From whitewater preserve to a creekside camp on the north fork of mission creek
“You don’t have to hike at all today if you don’t want to,” I tell myself. That’s so I get out of bed. Getting out of the tarp is bizarre – where have I ended up? We stumbled here in the dark, so I look around now. Apparently this place used to be a little trout farm for kids. The trout ponds are still here, filled with trout the size of my leg. There’s a fake waterfall and a big grass park, where we’re camped. Flush toilets. Huge sandstone cliffs straight out of Afghanistan rise above us, and beyond the grass is the vast, braided river channel – a scene straight from the Yukon. The morning is breezy with a cool film of clouds, a gentle break from yesterday.
At a picnic table next to us is Jacques, a retired teacher from Washington state. He looks as dejected as me, so I wander on over. He tells me about his younger days following the hippie trails through Afghanistan and Pakistan, hitchhiking across the states, traveling through Central America in the 70s… “this is the hardest thing I’ve ever done,” he concludes. We commiserate for a while. Acknowledging that this is hard, that we’re having a hard time, seems to help more than anything.
J has had endless patience through my pity party, but he’d like to go. A deep breath – okay. Time to go.
The sky is gray, the huge river channel is gray, and the water flowing down it is the color of beaten metal. The morning feels blessed after the searing sun of yesterday. We start winding up the steep hills. The rocks change around every corner, blocky andesites, porphytic gabbros with pink phenocrysts like polka dots, entire hills of greasy fault gouge.
The clouds have burned off, but the views are stretching. The naked hills are speckled with mesquite, and although the rocky hillsides look bare, they turn out to be carpeted with microscopic blooms, purple, yellow, white. Spring comes to the desert too.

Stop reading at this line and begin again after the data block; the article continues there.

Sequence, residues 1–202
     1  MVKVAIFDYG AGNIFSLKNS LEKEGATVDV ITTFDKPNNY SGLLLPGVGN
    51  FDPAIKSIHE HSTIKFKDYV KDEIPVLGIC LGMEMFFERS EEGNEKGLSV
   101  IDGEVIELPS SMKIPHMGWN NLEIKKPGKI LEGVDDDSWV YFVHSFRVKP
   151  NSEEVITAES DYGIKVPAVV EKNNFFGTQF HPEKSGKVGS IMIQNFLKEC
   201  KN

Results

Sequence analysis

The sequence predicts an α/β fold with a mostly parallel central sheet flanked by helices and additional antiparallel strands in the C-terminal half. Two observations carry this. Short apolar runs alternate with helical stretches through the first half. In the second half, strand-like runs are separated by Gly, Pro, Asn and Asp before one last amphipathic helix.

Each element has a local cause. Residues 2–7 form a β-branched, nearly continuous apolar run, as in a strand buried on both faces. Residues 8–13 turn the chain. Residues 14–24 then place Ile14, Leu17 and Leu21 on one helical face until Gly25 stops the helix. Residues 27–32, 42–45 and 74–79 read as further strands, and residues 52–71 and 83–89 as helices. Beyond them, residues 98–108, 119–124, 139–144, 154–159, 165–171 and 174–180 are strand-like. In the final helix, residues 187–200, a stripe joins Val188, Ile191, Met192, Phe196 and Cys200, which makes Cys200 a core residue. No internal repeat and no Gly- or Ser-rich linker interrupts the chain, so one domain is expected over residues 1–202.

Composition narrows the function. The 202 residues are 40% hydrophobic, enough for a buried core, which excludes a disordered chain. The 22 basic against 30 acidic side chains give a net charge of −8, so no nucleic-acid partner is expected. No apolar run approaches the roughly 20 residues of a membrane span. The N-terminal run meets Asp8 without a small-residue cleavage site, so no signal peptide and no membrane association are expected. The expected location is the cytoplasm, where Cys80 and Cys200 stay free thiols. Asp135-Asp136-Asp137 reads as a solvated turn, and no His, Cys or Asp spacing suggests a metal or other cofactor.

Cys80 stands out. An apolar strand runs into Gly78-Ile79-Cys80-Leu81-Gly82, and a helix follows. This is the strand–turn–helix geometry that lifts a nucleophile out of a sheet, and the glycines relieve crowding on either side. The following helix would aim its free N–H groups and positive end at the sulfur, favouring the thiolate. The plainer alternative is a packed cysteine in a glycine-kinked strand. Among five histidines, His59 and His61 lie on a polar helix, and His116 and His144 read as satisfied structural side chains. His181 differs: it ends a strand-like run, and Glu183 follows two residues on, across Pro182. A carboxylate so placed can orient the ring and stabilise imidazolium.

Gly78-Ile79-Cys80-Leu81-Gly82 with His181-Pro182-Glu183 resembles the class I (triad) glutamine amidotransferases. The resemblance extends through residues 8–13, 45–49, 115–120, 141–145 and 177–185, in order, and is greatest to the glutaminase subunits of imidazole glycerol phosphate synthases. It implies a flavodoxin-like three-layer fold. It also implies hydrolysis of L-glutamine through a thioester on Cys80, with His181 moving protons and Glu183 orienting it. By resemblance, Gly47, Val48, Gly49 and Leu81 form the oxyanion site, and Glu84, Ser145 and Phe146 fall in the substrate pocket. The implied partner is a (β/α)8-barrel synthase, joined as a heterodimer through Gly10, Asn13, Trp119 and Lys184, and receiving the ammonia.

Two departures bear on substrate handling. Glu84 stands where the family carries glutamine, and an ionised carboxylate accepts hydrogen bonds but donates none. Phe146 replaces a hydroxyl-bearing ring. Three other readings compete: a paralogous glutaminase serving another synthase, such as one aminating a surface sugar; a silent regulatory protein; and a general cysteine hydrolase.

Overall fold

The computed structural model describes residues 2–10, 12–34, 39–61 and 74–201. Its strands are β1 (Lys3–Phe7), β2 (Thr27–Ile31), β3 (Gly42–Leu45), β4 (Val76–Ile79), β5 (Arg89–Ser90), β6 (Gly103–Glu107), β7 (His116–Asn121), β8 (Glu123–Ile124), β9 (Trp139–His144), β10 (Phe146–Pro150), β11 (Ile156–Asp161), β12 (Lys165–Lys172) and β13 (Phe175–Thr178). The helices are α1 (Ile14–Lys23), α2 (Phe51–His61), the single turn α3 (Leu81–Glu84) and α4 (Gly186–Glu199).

We rollercoaster over the hills, up, down. My heel blisters feel miraculously healed overnight, even if my toe blisters are like fiery volcanoes. The sun is burning the backs of our necks and when we finally cross into the Mission Creek drainage we spot angelic green cottonwoods with relief. Shade!
The rest of the day we follow Mission Creek. The drainage runs up a fault zone, and the rock outcroppings on both sides are just crunched. Smeared. Twisted. White bands with glittering black schist. The creek is small but persistent, and we cross it and re-cross it for miles. I’ve heard rumors about poodle dog bush infestations, but I’m not quite site what it looks like. There’s a shrub growing over the trail that I’m convinced is poodle dog – puffy white flowers with ominously greasy leaves – and I spend all day going to great lengths to avoid it. A rattlesnake is draped across the trail – so bloated from it’s last meal it doesn’t even rattle. We tiptoe around it and it makes a weak attempt to coil, then gives up. That’s how I feel after I eat too.
Evening is coming and we’re still not where we want to stop. We’re slow walkers. We’re well matched, J and I, but between blisters and knees and muscles, 2mph is about all we can manage. The last mile of the day sometimes takes us an hour, as we trudge, trudge, through our forests and flowers and golden hills. Tonight we’re walking through hillsides of orange globemallows, aflame in the afternoon. So lovely, so tired.
We walk into a small grove of oak trees besides a little creek. We’d lost the main flow of mission creek a while back, and I’d we stop here we’ll have water. Saint and Rocky IV are already cooking dinner and we join them. Tomorrow there is a 16 mile stretch without water, and we’ll have to make 21 miles for a wet camp I’d we stop here – sometimes you are just out of miles though. See what tomorrow brings. Today was one of our most beautiful –